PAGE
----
On June 5, the Supreme Court agreed to review a case addressing an individual’s expectation of privacy in his or her historical cellphone location records. This case may well change the way we approach individual privacy in the digital age – not only with regard to cell phone records, but also information relating to email and internet activity, among other things.

The underlying facts of Carpenter v. United States concern two individuals – Timothy Carpenter (petitioner) and Michael Sanders – who in 2013 were found guilty by a Michigan federal jury of aiding and abetting a series of armed robberies. In prosecuting Carpenter and Sanders, the government applied for court orders under the Stored Communications Act (“SCA”), 18 U.S.C. § 2703(d), to access more than five months of historical cell phone locations records for Carpenter and several other suspects. Under the SCA, a government entity may obtain such records without a warrant (or probable cause) as required under the Fourth Amendment, provided that such data has been stored for more than 180 days and that the government entity offers “specific and articulable facts showing that there are reasonable grounds to believe that” the records sought “are relevant and material to an ongoing criminal investigation.” The court granted the government’s applications under the SCA, applying this lower standard of privacy and, ultimately, the jury convicted Carpenter and Sanders.

On appeal, the Sixth Circuit relied on the “third-party doctrine” in finding that no search occurred under the Fourth Amendment. This doctrine, which has its origins in the Supreme Court decisions in in United States v. Miller (1976) and Smith v. Maryland (1979), will likely be revisited by the Supreme Court in Carpenter. Analogizing location information knowingly shared with service providers to the dialed phone numbers knowingly conveyed to phone companies in Smith, the Sixth Circuit concluded that an individual does not have a reasonable expectation of privacy in cell site location information (“CSLI”) because CSLI is a third-party business record that reveals routing information rather than the contents of communications.

This approach has created discomfort among some academics, privacy experts and judges. In United States v. Davis, 785 F.3d 498 (11th Cir. 2015), for example, Judge Rosenbaum wrote in a concurrence: “In our time, unless a person is willing to live ‘off the gird,’ it is nearly impossible to avoid disclosing the most personal of information to third-party service providers on a constant basis … [a]nd the thought that the government should be able to access such information without the basic protection that a warrant offers is nothing less than chilling.”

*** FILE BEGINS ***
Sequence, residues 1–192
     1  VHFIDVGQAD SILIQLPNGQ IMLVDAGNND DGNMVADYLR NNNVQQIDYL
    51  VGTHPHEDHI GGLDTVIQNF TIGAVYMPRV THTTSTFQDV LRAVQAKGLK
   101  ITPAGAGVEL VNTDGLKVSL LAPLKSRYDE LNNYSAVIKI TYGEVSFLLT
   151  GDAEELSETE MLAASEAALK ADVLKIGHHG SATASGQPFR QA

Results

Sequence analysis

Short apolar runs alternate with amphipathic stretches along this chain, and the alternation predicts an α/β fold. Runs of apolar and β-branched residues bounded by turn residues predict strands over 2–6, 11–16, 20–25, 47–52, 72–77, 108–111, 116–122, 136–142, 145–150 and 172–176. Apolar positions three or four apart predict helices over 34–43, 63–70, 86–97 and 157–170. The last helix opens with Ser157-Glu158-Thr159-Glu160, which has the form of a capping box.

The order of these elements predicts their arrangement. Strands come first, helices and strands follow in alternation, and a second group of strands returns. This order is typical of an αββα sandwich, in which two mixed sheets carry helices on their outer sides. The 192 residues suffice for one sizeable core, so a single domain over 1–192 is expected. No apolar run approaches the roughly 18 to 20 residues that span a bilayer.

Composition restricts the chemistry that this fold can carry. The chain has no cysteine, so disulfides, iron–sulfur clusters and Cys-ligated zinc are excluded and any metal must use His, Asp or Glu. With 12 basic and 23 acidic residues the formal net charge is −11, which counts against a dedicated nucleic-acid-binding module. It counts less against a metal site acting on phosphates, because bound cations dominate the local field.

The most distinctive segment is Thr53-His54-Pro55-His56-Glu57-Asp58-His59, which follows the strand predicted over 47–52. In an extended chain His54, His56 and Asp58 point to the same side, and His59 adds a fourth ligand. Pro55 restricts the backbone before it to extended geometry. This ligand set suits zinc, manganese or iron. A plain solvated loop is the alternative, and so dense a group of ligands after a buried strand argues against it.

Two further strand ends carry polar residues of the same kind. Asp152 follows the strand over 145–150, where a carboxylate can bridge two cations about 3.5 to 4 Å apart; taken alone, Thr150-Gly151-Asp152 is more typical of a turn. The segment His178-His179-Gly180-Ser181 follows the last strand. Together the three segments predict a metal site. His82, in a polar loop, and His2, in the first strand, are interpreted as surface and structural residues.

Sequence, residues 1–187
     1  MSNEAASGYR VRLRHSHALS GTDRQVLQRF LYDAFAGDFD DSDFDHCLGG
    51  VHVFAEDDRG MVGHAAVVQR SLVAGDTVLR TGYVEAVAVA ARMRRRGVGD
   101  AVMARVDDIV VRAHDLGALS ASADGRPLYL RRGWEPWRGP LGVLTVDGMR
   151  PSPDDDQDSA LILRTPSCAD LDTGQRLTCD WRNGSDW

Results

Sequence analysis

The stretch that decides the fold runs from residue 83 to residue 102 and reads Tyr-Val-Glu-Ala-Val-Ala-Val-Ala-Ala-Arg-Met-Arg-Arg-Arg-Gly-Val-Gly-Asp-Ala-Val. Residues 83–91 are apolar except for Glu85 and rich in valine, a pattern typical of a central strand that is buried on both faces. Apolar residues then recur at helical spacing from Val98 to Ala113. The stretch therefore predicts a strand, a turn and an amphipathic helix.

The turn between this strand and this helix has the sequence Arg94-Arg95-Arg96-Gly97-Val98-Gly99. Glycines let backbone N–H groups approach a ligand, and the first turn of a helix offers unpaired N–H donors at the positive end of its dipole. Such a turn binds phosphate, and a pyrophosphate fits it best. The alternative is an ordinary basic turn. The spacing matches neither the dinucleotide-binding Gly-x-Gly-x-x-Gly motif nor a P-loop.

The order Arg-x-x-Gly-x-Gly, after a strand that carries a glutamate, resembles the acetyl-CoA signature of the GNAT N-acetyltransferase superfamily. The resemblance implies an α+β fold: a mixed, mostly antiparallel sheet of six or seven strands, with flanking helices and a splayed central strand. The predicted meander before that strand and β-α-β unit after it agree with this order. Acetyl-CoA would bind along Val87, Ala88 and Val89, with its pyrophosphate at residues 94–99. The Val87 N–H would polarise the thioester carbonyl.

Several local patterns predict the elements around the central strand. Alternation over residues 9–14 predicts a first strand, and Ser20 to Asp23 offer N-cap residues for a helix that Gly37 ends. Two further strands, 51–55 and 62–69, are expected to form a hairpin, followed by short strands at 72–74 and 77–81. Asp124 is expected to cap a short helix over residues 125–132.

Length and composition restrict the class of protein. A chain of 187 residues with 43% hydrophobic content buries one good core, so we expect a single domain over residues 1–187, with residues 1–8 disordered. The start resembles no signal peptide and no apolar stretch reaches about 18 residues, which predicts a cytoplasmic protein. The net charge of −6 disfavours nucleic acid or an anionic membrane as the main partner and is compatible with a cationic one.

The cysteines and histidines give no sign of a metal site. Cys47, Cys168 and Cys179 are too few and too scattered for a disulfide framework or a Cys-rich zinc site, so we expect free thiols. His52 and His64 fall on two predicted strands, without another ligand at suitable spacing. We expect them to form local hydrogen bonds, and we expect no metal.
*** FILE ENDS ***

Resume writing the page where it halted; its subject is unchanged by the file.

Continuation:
For cellphone location data, the extent to which CSLI records may disclose intrinsically private information depends on a number of factors, but is increasing every day. The precision of a cellphone user’s location in CSLI records depends on the size of a cell site sector, because each cell site area can only carry a fixed volume of data. As smartphone data usage continues to grow, carriers have erected increasing numbers of cell sites, each covering successively smaller geographic areas, which means that CSLI records are becoming both more useful to law enforcement and more invasive of individuals’ privacy.

While individuals have a clear interest in their privacy, the Supreme Court’s decision in Carpenter is likely to have significant impacts for law enforcement investigative tactics, and for the many private companies who collect their customers’ geolocation data. Law enforcement often uses CSLI as a means to gather preliminary evidence in an investigation, which later can be used to demonstrate probable cause for a warrant authorizing a search of private property, including cellphones and other electronic devices. The collection of customer geolocation data by private companies has proliferated in recent years, and those companies have monetized that data by using it to refine their business operations and/or by selling it for other commercial pursuits.

Beyond CSLI, Carpenter presents an important opportunity for the Court to revisit the SCA. Written before the internet age, that statute is now heavily relied upon by law enforcement not only to obtain mobile phone information such as CSLI, but also to gain access to information regarding emails and online activity from internet service providers (“ISPs”).  The seemingly endless stream of SCA-based requests for user information has become not only a major drain of resources for Silicon Valley, but also the source of significant privacy objections raised by tech companies and private citizens regarding warrantless searches.

The anachronistic state of the SCA has led many to call for its reform, and legislation has been introduced in Congress to do just that, although prospects for legislative reform remain murky. In Carpenter v. United States, the Supreme Court will have its own chance to weigh in.